Evaluating stock fundamentals
Fundamental analysis is the cornerstone of investing. The health of a company and its stock are important factors to consider when trading.
What are the benchmarks of fundamental analysis?
When you look at the current and future financial prospects of a company and its stock offering, there are a few tried-and-true performance measurements and benchmarks that every fundamental analyst examines.
Market cap (capitalization)
- What it means: This is the total market value of the shares outstanding of a publicly traded company. It’s equal to the share price, multiplied by the number of shares outstanding.
- Why it’s important: The size of a company may help assess risk. Although it’s certainly not always true, many market experts contend that the bigger the company, the lower the risk.
- Good to know: Stock of companies with a market cap of $10 billion or more are called “large cap” or “big cap” stocks.
Earnings-per- share (EPS)
- What it means: This is the portion of a company’s profit allocated to each outstanding share of common stock, which is often viewed as a strong indicator of profitability.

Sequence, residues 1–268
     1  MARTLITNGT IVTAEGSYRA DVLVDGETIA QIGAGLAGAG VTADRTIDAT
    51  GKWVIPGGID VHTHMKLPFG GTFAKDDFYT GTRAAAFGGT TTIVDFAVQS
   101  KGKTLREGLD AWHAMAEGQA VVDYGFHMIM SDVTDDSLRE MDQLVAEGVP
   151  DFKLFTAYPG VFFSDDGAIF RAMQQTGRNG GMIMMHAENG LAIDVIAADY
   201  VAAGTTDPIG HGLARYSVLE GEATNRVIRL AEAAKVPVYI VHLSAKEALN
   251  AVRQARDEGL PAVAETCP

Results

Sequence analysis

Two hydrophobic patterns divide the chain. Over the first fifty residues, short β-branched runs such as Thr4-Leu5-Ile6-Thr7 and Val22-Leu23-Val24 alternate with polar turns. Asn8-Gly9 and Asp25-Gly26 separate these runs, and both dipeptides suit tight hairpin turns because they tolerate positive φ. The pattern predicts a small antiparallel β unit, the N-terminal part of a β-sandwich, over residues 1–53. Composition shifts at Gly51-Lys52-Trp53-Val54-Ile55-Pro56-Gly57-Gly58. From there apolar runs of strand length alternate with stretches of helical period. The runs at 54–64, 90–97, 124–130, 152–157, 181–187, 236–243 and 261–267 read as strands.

- Why it’s important: This is an important variable when determining a share’s price, but shouldn’t be the only factor. A higher EPS number indicates greater profitability.
- Good to know: This fundamental should be carefully evaluated. Investors should look at exactly how the profits were generated, future earnings outlooks, and other metrics.
Price-earnings ratio (P/E)
- What it means: This is the ratio for valuing a company based on its share price relative to its earnings-per-share. This is used to determine what investors are willing to pay for a stock, based on earnings.
- Why it’s important: Although there are many factors when assessing a stock, many investors see a P/E ratio as an indicator of whether the stock may be a good value.
- Good to know: When comparing similar stocks in the same industry and of the same size and scope, a P/E may help you narrow your choice.
- What it means: For stocks that pay an annual dividend, this indicates how much a company pays out in dividends relative to its share price. Dividends are not guaranteed—companies can suspend dividends in times of financial difficulties.
- Why it’s important: This percentage can help investors measure how much cash flow they are getting from each dollar invested in a dividend-paying stock. The higher the yield, the greater the dividend return.
- Good to know: Generally, stocks with less growth potential pay higher dividends, while stock with high growth potential don’t pay dividends (the appeal of these stocks is usually the potential for stock price appreciation).
While there are many more indicators that may be considered when evaluating a company’s overall financial picture, these fundamentals are an excellent place to start.